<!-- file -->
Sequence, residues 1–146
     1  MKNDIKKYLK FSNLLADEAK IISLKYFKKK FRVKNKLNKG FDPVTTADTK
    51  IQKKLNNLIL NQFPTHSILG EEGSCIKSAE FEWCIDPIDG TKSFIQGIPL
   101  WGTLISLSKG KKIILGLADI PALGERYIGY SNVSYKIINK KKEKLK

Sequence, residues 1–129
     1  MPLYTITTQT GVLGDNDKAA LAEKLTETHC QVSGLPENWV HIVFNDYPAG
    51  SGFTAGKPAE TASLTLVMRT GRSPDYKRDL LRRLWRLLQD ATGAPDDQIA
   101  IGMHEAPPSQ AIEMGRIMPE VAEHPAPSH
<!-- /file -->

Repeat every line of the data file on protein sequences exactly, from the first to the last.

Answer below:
Sequence, residues 1–146
     1  MKNDIKKYLK FSNLLADEAK IISLKYFKKK FRVKNKLNKG FDPVTTADTK
    51  IQKKLNNLIL NQFPTHSILG EEGSCIKSAE FEWCIDPIDG TKSFIQGIPL
   101  WGTLISLSKG KKIILGLADI PALGERYIGY SNVSYKIINK KKEKLK

Sequence, residues 1–129
     1  MPLYTITTQT GVLGDNDKAA LAEKLTETHC QVSGLPENWV HIVFNDYPAG
    51  SGFTAGKPAE TASLTLVMRT GRSPDYKRDL LRRLWRLLQD ATGAPDDQIA
   101  IGMHEAPPSQ AIEMGRIMPE VAEHPAPSH